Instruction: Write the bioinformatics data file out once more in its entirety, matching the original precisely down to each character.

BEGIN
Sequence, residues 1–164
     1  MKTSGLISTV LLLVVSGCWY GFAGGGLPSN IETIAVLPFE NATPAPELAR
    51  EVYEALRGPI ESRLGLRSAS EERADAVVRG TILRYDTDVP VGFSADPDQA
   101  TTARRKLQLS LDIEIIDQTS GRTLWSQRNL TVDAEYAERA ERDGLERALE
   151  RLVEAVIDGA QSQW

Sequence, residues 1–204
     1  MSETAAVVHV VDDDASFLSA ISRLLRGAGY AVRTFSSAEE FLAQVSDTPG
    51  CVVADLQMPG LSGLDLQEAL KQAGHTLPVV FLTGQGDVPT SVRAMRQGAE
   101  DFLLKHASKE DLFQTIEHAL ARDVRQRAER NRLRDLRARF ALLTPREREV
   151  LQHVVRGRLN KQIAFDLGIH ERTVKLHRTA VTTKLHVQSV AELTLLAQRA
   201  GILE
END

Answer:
Sequence, residues 1–164
     1  MKTSGLISTV LLLVVSGCWY GFAGGGLPSN IETIAVLPFE NATPAPELAR
    51  EVYEALRGPI ESRLGLRSAS EERADAVVRG TILRYDTDVP VGFSADPDQA
   101  TTARRKLQLS LDIEIIDQTS GRTLWSQRNL TVDAEYAERA ERDGLERALE
   151  RLVEAVIDGA QSQW

Sequence, residues 1–204
     1  MSETAAVVHV VDDDASFLSA ISRLLRGAGY AVRTFSSAEE FLAQVSDTPG
    51  CVVADLQMPG LSGLDLQEAL KQAGHTLPVV FLTGQGDVPT SVRAMRQGAE
   101  DFLLKHASKE DLFQTIEHAL ARDVRQRAER NRLRDLRARF ALLTPREREV
   151  LQHVVRGRLN KQIAFDLGIH ERTVKLHRTA VTTKLHVQSV AELTLLAQRA
   201  GILE